Reckless Driving Changes Currently Pending

Last updated – 3/20/11

Virginia’s laws on reckless driving are already complicated. There are fourteen different varieties of this misdemeanor traffic offense. If the General Assembly has it’s way, the laws will continue to grow.

Several bills are pending in the 2011 Virginia General Assembly to alter reckless driving laws. These are just few that caught my attention. I will try to update the status of each bill below as the legislative session continues.

HB 1993 makes it reckless driving to run a stop sign, yield sign, or traffic light AND unintentionally caused serious bodily injury or death.

This bill makes some sense, but it seems repetitive to me. We already have a catch-all rule for reckless driving (46.2-852), which could easily be charged and proven in an instance that the new bill contemplates.

I inadvertently looked at the original version of this bill when I first published this post. I realized that the House Courts of Justice Committee significantly changed the bill to simply make any red light violation reckless driving. That’s a HUGE change in the law.

HB 1993 status:
Passed by the House – 2/5/11
Assigned to the Senate Courts of Justice, Criminal subcommittee – 2/11/11
Passed by indefinitely – 2/16/11

HB 2485 expands the list of places where a driver can be convicted of reckless driving (from 46.2-864) to include any public area open to vehicular traffic. No surprises here, and the bill actually makes a little sense.

HB 2485 status:
Reported from Courts of Justice committee – 2/4/11
Passed by the House – 2/8/11
Assigned to the Senate Courts of Justice, Criminal subcommittee – 2/11/11
Reported from Courts of Justice committee with amendments – 2/16/11
Approved by Governor – 3/18/11

HB 2043 corrects a mistake in the current reckless driving law. 46.2-859 makes it reckless driving to fail to stop for a stopped school bus; however, the statute is missing an “at.” The bill just fixes that critical grammatical error.

HB 2043 status:
Passed by the House – 2/4/11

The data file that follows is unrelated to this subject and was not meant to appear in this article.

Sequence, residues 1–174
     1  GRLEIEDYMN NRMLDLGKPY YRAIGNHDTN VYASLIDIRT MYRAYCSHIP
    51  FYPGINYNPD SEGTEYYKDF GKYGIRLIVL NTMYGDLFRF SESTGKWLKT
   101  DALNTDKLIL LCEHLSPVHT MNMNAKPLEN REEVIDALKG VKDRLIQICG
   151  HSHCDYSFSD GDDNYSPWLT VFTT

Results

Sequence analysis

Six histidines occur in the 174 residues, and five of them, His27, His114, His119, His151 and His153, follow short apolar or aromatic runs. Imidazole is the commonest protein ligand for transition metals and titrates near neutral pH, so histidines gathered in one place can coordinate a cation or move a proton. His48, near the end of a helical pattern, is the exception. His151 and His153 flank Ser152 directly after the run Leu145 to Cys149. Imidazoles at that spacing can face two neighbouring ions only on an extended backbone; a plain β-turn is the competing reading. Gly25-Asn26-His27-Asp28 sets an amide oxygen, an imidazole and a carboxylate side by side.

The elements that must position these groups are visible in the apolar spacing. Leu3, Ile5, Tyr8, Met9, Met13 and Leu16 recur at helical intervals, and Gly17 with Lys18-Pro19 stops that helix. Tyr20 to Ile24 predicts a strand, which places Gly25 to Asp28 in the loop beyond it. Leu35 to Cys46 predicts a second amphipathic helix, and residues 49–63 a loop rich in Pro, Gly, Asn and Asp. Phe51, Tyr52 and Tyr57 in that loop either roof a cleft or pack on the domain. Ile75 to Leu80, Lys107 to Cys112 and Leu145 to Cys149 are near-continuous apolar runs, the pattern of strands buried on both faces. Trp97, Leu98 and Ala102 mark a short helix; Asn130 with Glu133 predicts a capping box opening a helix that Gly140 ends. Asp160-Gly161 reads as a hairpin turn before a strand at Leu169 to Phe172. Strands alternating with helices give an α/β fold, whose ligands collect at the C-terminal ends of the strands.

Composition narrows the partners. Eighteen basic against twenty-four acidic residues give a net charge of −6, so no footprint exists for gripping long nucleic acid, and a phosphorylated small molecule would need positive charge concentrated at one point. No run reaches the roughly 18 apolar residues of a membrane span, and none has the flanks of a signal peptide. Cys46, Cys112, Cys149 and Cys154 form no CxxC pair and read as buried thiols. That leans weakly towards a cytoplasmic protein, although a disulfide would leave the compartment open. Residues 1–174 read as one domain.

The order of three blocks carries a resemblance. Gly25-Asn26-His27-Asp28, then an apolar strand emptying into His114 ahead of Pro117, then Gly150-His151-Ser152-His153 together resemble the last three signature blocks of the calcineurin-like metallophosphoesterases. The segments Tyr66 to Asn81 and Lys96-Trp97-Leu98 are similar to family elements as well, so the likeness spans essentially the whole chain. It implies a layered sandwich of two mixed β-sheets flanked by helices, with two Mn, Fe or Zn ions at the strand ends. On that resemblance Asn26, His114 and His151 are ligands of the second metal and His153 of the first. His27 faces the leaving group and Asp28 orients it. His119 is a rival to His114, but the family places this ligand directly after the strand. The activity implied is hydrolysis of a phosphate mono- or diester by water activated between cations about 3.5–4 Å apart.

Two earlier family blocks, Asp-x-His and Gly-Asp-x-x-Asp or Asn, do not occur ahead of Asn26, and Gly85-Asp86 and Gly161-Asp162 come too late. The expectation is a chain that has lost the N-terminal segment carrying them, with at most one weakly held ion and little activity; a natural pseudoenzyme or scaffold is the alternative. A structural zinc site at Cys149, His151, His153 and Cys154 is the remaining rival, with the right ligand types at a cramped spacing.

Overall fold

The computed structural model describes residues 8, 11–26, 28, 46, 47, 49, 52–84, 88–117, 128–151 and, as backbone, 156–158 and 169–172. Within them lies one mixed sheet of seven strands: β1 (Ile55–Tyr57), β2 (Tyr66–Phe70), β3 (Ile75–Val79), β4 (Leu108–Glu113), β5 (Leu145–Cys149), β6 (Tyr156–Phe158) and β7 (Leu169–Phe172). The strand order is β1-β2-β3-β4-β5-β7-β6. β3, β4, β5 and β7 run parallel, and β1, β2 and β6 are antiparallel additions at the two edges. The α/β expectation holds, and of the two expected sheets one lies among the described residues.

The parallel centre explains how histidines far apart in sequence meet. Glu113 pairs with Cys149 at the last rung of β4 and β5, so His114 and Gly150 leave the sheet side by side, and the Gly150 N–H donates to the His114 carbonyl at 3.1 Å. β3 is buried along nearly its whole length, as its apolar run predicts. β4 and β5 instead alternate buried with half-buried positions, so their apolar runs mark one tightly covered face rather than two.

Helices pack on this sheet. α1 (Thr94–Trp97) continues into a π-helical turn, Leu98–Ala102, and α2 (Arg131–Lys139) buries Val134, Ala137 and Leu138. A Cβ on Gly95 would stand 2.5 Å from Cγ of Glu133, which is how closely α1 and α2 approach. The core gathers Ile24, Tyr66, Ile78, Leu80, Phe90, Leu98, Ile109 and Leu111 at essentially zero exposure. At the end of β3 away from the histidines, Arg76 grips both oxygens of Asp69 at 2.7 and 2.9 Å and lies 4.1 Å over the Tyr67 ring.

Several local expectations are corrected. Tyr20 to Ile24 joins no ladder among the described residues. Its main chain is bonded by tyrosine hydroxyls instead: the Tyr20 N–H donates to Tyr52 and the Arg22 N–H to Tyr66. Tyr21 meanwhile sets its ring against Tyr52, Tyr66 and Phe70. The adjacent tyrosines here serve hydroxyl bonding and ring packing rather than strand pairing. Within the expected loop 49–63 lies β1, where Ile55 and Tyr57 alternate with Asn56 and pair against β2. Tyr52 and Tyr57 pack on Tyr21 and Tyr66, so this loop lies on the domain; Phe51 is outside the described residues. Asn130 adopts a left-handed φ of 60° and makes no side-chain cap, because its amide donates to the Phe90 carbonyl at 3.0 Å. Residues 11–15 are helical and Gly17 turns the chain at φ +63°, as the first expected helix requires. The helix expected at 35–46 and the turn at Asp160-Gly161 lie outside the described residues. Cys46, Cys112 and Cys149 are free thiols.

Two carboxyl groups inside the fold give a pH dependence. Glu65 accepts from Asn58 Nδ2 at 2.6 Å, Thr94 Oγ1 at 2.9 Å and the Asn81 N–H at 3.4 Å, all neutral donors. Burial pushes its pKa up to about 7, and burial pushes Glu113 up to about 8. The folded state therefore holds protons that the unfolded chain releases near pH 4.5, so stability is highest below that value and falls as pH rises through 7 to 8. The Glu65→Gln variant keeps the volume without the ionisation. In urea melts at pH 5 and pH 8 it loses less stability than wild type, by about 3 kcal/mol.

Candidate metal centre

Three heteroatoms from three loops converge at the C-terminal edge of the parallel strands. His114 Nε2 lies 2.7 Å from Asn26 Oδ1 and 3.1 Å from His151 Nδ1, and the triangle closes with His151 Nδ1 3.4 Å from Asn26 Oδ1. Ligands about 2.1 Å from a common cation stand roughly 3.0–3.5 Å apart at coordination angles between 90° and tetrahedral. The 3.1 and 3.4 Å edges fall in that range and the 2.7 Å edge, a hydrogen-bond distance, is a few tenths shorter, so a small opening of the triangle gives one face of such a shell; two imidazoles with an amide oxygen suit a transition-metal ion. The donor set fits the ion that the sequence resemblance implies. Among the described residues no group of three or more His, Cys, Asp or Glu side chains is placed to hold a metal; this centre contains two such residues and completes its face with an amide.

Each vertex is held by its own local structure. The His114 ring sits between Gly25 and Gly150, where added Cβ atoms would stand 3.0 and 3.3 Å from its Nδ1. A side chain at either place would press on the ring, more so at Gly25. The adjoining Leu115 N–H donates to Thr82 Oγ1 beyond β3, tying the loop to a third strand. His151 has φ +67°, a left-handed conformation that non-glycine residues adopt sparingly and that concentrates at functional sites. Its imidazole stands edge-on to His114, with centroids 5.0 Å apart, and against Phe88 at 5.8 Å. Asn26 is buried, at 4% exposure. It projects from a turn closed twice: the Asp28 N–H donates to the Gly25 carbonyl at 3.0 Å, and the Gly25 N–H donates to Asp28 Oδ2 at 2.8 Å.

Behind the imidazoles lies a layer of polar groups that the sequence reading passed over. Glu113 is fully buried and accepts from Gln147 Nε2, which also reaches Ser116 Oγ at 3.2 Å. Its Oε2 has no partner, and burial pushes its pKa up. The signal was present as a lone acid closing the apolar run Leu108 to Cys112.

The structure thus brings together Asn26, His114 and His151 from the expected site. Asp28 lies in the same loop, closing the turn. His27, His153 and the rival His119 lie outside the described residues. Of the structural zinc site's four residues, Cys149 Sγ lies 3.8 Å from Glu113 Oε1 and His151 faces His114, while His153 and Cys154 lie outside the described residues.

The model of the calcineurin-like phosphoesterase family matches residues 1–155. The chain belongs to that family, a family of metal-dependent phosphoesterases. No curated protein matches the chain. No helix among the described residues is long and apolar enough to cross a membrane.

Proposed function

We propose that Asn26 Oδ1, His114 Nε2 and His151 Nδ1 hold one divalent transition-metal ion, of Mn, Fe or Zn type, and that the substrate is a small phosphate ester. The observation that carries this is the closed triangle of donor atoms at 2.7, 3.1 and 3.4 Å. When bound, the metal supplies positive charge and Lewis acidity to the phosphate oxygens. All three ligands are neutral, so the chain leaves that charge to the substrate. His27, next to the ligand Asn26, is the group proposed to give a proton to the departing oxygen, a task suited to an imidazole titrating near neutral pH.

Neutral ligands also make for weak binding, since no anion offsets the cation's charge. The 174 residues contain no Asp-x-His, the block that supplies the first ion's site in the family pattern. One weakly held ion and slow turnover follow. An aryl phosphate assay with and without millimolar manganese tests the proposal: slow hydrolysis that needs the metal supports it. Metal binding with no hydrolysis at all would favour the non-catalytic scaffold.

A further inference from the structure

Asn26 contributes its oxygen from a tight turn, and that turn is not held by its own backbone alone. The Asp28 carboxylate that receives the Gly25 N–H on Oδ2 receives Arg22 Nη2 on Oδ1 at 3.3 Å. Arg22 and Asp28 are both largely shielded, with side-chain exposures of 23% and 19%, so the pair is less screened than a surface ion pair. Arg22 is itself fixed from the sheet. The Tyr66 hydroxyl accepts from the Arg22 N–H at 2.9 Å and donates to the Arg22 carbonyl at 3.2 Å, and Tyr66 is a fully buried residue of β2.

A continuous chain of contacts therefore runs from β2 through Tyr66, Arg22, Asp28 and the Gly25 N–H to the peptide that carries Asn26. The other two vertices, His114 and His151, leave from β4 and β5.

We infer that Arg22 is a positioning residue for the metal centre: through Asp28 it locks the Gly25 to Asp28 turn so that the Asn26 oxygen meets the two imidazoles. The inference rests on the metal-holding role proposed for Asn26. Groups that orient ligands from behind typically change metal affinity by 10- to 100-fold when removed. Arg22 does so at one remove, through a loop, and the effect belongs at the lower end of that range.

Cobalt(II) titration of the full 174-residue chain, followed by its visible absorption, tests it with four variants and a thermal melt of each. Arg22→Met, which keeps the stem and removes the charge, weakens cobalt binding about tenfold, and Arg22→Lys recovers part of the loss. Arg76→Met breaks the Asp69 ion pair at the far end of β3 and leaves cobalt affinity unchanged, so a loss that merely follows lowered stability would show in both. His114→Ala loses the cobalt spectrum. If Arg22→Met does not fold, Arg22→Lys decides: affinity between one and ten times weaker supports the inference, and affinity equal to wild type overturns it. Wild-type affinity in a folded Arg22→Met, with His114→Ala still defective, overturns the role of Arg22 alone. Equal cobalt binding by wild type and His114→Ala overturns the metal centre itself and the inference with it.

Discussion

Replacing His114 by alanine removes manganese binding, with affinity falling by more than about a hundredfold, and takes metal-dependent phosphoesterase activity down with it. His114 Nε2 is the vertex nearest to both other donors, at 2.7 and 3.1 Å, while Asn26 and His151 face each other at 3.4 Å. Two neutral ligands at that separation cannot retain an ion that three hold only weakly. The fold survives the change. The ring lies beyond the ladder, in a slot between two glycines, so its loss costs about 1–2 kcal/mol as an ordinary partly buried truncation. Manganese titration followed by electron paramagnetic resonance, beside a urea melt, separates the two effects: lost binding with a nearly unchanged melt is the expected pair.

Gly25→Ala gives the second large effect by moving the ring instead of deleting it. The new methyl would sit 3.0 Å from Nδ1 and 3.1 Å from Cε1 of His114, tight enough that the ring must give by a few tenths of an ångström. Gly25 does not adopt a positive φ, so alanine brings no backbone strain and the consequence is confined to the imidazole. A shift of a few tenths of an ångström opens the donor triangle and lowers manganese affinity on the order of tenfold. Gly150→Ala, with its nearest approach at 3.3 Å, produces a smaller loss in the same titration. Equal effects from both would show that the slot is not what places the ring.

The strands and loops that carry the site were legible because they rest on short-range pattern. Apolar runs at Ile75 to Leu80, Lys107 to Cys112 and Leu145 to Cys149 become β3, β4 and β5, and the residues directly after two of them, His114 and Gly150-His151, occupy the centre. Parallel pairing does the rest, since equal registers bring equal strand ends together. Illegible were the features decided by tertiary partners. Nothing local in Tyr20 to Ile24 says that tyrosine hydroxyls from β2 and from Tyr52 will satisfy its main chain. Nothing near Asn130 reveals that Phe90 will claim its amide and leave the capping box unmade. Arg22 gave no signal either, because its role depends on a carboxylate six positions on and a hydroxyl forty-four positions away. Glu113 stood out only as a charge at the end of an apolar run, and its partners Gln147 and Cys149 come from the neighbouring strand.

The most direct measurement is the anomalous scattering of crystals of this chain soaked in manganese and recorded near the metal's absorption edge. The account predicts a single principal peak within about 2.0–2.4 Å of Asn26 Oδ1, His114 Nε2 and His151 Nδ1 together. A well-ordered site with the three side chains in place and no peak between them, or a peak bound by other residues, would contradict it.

Referred to the Senate Courts of Justice committee – 2/11/11
Senate constitutional reading dispensed – 2/15/11
Passed Senate with substitute with amendment – 2/16/11
Placed on House calendar – 2/17/11
Signed by Speaker of House and President of Senate – 2/24/11

At least two proposed bills seem to be a reaction to last year’s increased speed limit of 70 mph (only in some places – watch the signs).

HB 2350 simply removes the 80 mph rule for reckless driving. If that bill passed, reckless would only be speeds 20 or more above the posted speed limit. That means 81 in a 70 would just be simple speeding. In a 70 zone, 90 would be reckless driving.

HB 2350 status:
Tabled by the Courts of Justice, Criminal subcommittee – 2/2/11
Left in Courts of Justice – 2/8/11

HB 2322 is a bit more complicated. It changes the 80 mph rule to 90. But the bill also raises the prepayable speeding fine for any speeds over 80 mph to $50 per mile over 80.

If 2322 passes and you get stopped for going 86 in a 70, it would just be a speeding offense. But the fine would be $6/mile up to 80, then $50/mile to 86. Thus, it would be $60 + $300 = $360. At 89 mph, the fine would be $510.

HB 2322 status:
Tabled by the Courts of Justice subcommittee – 2/2/11
Left in Courts of Justice – 2/8/11

Photo by Vipal

Andrew Flusche

My name is Andrew Flusche. I am a traffic and misdemeanor defense lawyer in Virginia. I limit my practice to traffic tickets and misdemeanor defense, so I know the ins and outs of these offenses. I literally wrote the book on reckless driving in Virginia which you can get on Amazon here or download for free here. I opened my practice in 2008 after earning my Juris Doctor degree from the University of Virginia School of Law. Since then I have earned over 600 5-star reviews from happy clients on Google, Yelp, Facebook, and Avvo. If you’ve been charged with a misdemeanor offense in Virginia, please don’t hesitate to contact me. Your initial consultation is always free, and you'll talk directly with me about the details of your case.

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